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Dutch provincial elections, 2011

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Title: Dutch provincial elections, 2011  
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Subject: 50PLUS, Dutch provincial elections, 2007, Reformed Political Party, States of Friesland, Joram van Klaveren
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Dutch provincial elections, 2011

Election board in Groningen.
Azure, billetty Or a lion with a coronet Or armed and langued Gules holding in his dexter paw a sword Argent hilted Or and in the sinister paw seven arrows Argent pointed and bound together Or. [The seven arrows stand for the seven provinces of the Union of Utrecht.] The shield is crowned with the (Dutch) royal crown and supported by two lions Or armed and langued gules. They stand on a scroll Azure with the text (Or)
This article is part of a series on the
politics and government of
the Netherlands

Provincial elections were held in the Netherlands on Wednesday 2 March 2011. Eligible voters elected the members of the States-Provincial in the twelve provinces. These elections also indirectly determined the members of the Senate, since the 566 members of the twelve States-Provincial elected the Senate's 75 members in the Senate election on 23 May 2011.

The Senate election, and therefore the provincial elections, were important since the First Rutte cabinet had a minority in the Senate when it took office. The coalition and support parties hoped to gain a majority in the Senate through these elections, but failed to do so, obtaining 37 out of 75 seats. However, it was expected that the small Christian party SGP, which obtained one seat, would support the cabinet.[1]

On the same date, Island Council elections were held in the three public bodies of the Caribbean Netherlands. It was planned that the members of the Island Councils would also have a vote in the Senate election in the future, but in 2011 this was not yet the case because this required a change in the Constitution.


The right-liberal People's Party for Freedom and Democracy, left-liberal D66, and right-wing Party for Freedom made significant gains throughout the provinces. The Labour Party stayed relatively stable, while the Socialist Party suffered losses from their 2007 results. The Christian Democratic Appeal suffered big losses, losing some 65 of their previous 151 provincial seats. However, the party didn't fare as bad as the polls had suggested.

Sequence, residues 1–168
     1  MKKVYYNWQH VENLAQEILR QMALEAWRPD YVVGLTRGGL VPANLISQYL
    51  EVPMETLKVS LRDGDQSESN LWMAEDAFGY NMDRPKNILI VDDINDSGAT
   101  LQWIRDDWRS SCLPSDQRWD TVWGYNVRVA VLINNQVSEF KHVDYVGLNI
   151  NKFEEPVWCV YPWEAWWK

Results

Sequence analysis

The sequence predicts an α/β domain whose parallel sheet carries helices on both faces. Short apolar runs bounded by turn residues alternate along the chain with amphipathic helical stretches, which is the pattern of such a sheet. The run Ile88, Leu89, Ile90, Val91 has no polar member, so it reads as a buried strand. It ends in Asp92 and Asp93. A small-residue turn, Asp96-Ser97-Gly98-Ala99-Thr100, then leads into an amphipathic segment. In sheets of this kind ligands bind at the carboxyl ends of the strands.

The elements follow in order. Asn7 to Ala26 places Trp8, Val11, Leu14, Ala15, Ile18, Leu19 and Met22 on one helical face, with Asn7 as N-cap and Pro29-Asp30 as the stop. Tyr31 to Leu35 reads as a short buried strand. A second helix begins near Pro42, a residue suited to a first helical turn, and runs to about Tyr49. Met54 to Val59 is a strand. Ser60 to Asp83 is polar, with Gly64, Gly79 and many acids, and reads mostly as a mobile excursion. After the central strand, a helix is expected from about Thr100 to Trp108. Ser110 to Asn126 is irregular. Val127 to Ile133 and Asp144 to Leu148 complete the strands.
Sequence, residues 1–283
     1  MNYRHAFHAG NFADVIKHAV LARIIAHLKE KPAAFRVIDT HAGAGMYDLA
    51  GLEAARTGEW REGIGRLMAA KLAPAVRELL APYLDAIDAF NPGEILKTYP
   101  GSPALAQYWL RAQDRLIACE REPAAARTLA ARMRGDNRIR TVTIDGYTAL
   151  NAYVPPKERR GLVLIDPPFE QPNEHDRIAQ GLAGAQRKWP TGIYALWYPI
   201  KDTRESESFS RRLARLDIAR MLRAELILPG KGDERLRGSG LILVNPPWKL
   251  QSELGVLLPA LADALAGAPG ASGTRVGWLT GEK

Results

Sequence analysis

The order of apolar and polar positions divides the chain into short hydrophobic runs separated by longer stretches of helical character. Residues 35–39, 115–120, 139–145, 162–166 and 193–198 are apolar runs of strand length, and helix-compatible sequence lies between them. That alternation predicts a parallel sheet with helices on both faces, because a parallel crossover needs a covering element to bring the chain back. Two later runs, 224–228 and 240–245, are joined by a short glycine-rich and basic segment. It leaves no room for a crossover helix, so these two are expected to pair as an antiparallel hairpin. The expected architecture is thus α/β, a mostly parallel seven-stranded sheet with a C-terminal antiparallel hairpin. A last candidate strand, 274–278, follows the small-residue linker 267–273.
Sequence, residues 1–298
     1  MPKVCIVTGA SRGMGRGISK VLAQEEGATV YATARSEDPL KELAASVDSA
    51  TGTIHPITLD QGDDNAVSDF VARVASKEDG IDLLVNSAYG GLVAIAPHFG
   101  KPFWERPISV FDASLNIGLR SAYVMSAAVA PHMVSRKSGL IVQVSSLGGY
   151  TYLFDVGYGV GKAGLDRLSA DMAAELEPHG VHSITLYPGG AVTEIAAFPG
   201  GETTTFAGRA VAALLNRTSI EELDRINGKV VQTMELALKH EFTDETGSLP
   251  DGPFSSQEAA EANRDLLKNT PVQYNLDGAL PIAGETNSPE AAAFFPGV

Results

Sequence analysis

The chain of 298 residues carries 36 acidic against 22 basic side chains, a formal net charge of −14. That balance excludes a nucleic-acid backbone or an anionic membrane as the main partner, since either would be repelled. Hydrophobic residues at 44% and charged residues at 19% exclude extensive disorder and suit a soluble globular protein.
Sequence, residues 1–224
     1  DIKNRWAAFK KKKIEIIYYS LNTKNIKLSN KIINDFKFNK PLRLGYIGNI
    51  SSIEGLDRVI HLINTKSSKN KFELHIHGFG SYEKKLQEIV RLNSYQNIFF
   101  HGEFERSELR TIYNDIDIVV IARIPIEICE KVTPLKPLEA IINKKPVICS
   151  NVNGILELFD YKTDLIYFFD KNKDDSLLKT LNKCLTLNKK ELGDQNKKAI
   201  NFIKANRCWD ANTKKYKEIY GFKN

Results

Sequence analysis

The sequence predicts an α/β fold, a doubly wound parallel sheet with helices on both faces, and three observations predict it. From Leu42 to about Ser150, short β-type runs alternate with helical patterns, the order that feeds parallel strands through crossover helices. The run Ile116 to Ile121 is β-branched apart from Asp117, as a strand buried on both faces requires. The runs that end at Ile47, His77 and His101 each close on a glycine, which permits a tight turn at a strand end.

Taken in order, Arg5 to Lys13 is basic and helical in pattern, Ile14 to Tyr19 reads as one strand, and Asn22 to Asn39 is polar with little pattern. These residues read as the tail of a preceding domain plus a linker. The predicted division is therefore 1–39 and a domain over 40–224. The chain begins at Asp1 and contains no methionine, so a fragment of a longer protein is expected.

This was the first provincial elections that Geert Wilders' Party for Freedom participated in. The party managed to win seats in all of the Netherlands' provinces with its best results in the southern provinces of North Brabant and Limburg. In Limburg it even managed to become the biggest party by a slim margin.

National Results

Political party 2007 2011 Change
People's Party for Freedom and Democracy 102 112 +10
Labour Party 114 107 -7
Christian Democratic Appeal 151 86 -65
Party for Freedom 0 69 +69
Socialist Party 83 56 -27
Democrats 66 9 42 +33
Green Left 33 34 +1
Christian Union 38 24 -14
Reformed Political Party 13 12 -1
50PLUS 0 9 +9
Party for the Animals 8 7 -1
Frisian National Party 5 4 -1
Party for Zeeland 2 2 0
Senior Party NH / United Senior Party 1 1 0
Party for the North 1 1 0
Party New Limburg 1 0 -1
Beautiful Utrecht 1 0 -1
other parties 2 0 -2
Total 564 566
Turnout 46.3% 55.9%

Due to population growth in Gelderland, the number of seats in the States of Gelderland increased from 53 to 55, accounting for the increase in the total number of seats from 564 to 566.

External links

  • Provinciale Statenverkiezingen 2011 States-Provincial Election 2011 from NRC Handelsblad (Dutch)


  1. ^ Trouw, Kabinet kan door met gedoogsteun van SGP
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